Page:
“Everytown” continues to showcase I’ll Sing’s emotive relatability through the swoon-worthy swell of guitar and Moser’s steady diction. When she sings, “It’s easier to feel in love when it’s warm,” and insists that “in every town there’s someone just like me missing someone like you,” the tune feels like the biography of anyone whose life has been shaped by friendship and romance. It’s an ode to small towns and the transformative power of kindness and intimacy. “Baby Blue” is like a contemporary riff on country classics like Loretta Lynn’s “Color of the Blues” and  Skeeter Davis’ Here's the Answer, while “Arizona (I Wanna Be Your Man)” brings to mind the unforgettable passion of cuts by Lucy Dacus and the equally affecting Julien Baker.

“Hallelujah” possesses an instantaneous warmth that amplifies its disillusioned honesty. A ballad for modern cynics and believers alike, Moser’s hymn appears most holy when it captures the duality of the world that surrounds us. As she sings, "Hallelujah the world is all broken and bad, Hallelujah for love and caring for this land," it is difficult not to experience a sense of revival from the searing truth of her chorus. “Blacktop Mountain” and “The Ballad of Freddie Jones” are audibly haunting and bound to bring to mind the instrumentive progression of old favorites by The New Amsterdams and the confessional candidness of Lissie’s “Shroud” or Jenny Lewis’ quintessential Rabbit Fur Coat.

In “Your Window Seat,” the necessity of communication and connection comes through with each line Moser breathes, undoubtedly reminding her audience of the people in their own lives who they turn to, whether it be in times of need or joy. An understated hint of vibrant sorrow echoes throughout “West Texas Blues,” making the track memorable in a satisfyingly unshakable way. The vibrating strings and striking lines of “One for Mama” are similarly gripping, proving that although Moser is still in her twenties, she is aware of the way the world can weather a person. “Trouble” and “Pleasantville” feel urgent yet timeless, while “I’ll Sing,” the LP's title track, leaves listeners transfixed by the artist’s wisdom and her dedication to sharing her songs with those who are willing to listen.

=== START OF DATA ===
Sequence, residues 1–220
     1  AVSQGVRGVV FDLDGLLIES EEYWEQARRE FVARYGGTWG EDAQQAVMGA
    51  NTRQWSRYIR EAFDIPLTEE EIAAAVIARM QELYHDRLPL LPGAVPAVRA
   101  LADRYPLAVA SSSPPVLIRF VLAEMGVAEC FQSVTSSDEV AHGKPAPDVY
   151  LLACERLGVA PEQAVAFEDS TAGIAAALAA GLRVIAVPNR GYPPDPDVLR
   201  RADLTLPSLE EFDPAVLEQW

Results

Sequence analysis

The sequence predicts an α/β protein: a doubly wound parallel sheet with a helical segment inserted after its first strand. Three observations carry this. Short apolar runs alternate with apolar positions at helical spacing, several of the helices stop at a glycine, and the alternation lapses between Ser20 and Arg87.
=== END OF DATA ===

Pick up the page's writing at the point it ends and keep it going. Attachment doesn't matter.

Unarguably stirring and profound, I’ll Sing should be considered required listening for anyone with a heartbeat. It will transform you for the better.  – Dianca London

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New Pulgas EP Available for Streaming & Purchase

A beautifully twisted portmanteau of candescent pop and arrhythmic flux, Pulgas’ Simon Martinez and Zane Shields return with More Like Us (Astro Nautico). Released as a companion EP to an album coming in the spring, More Like Us takes the listener through four concise yet dense tracks that display a growth in their craftsmanship from previous recordings. Their sense of dynamism in musicianship is fiercely on display, while the production and quality of the recordings are vibrant and smooth. If you’re a fan of DIY-pop aficionados in the vein of Ryan Power or Jake Tobin, the new Pulgas EP will be a welcome addition to your musical wheelhouse. - Josh Kelly

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A Deli Premiere: Katy Rea releases "Actress" from debut EP; plays Elsewhere 10.24

Hot on the upcoming release of her debut EP, singer-songwriter Katy Rea has released the hook-filled track "Actress". Complete with Rea's trademark grittiness, the song looks back on the artist's upbringing in Texas and how her childhood shaped her present. With her band, Katy plays music reminiscent of Laura Marling, with her voice echoing Kate Bush's idiosyncrasies and range. And if you listen closely, you might hear the quirks -- such as alternate tunings and creative chord structures -- singing from Rea's guitar. Her upcoming EP S.K.O.W. -- short for Some Kind Of Woman -- will drop on October 26th with the release show scheduled for the 24th at Elsewhere Zone 1. Listen to the Deli NYC premiere of "Actress" below. - Will Sisskind